“How can there be a groundbreaking, a path-breaking paper every other week from Nature?”
Bioethicist Alta Charo, of University of Wisconsin, is a strong supporter of human embryonic stem cell research. But she expressed her dismay at the way it has been treated in the media at the Milken Institute Global Conference in late April:
"In my opinion, there’s almost been a conspiracy of hype in this field. Let’s take a look at all of the players. We have patient groups who were advocating vociferously for adequate federal funding, since federal funding’s really where the action’s at, and so really needed to over-promote the near term potential for therapies in order to gain sympathy from members of Congress.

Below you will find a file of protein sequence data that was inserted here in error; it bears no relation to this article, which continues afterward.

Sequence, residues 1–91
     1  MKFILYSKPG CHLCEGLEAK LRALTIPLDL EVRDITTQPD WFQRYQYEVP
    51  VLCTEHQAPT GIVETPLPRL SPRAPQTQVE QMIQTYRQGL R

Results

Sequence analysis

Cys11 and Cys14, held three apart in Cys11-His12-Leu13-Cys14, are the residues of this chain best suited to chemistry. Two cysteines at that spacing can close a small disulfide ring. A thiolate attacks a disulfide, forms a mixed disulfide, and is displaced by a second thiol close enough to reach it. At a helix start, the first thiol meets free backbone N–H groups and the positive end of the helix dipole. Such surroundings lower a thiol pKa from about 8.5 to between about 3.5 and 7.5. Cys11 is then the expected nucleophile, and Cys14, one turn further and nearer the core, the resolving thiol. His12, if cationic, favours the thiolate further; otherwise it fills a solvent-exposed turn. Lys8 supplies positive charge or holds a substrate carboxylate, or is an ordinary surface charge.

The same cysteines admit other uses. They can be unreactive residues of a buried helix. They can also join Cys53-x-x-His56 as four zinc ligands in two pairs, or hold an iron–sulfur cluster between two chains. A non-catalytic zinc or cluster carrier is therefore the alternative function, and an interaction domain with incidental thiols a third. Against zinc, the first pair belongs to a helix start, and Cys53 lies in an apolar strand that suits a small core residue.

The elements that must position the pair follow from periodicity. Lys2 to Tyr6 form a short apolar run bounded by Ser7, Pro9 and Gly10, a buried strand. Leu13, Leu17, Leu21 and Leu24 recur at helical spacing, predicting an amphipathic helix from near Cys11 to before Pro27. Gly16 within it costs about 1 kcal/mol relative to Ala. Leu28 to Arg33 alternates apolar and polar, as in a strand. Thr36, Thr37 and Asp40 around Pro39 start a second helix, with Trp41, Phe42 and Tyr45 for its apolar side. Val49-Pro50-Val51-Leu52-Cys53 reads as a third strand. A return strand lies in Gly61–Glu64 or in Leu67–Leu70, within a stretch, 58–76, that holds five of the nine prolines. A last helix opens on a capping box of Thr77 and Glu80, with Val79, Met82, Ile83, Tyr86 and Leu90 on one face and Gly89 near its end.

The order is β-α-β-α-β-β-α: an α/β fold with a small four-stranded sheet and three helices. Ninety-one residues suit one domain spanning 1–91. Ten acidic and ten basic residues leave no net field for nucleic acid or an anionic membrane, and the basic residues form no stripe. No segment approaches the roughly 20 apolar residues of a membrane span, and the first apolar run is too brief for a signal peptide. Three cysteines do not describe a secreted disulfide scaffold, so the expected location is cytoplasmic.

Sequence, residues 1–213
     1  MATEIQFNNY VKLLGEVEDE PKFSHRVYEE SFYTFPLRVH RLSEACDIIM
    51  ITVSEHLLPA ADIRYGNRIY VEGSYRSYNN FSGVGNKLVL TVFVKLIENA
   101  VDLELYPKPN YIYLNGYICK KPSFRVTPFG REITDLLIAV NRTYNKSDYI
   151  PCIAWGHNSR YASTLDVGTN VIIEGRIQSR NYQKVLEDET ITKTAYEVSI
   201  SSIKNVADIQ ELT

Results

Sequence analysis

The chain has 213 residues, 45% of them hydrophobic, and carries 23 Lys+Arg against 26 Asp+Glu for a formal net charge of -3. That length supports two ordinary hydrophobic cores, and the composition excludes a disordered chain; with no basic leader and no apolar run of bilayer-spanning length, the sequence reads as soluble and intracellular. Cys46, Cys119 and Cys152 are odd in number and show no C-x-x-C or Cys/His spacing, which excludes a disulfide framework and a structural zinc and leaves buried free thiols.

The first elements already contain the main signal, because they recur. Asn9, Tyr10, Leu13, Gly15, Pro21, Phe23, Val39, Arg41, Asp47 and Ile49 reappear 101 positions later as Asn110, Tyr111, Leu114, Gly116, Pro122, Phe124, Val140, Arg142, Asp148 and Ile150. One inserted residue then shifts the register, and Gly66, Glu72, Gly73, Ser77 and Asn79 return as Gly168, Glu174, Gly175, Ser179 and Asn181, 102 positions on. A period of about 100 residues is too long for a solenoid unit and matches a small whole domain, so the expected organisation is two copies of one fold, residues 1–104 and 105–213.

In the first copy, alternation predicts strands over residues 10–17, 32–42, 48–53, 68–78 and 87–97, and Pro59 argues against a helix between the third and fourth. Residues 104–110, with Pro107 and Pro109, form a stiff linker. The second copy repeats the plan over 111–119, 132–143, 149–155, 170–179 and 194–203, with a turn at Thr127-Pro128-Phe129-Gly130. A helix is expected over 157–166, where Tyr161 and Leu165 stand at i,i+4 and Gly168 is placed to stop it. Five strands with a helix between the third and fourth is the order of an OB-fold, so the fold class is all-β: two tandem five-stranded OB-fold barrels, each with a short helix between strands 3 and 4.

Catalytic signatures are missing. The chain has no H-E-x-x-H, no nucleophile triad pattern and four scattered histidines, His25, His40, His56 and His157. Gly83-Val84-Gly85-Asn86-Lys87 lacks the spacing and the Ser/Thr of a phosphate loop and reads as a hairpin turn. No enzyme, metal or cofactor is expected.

"Members of Congress needed to score points with not only patient groups but on either side of the abortion debate to show their bona fides to their respective constituencies. And so for those who oppose the research, they would over-hype the potential of alternative sources of stem cells other than embryonic…
"Frankly, the scientific community wasn’t innocent in this either as the journals have started sending out media alerts and press releases about papers they think are important which also tend to over-hype the significant of each paper.
"How can there be a groundbreaking, a path-breaking paper every other week from Nature? It’s not possible, unless you’re going to redefine those terms. And so all of us collectively have been moved into a state of near hysteria around this topic, pro and con, for all sorts of reasons having very little to do with actually making some scientific progress."
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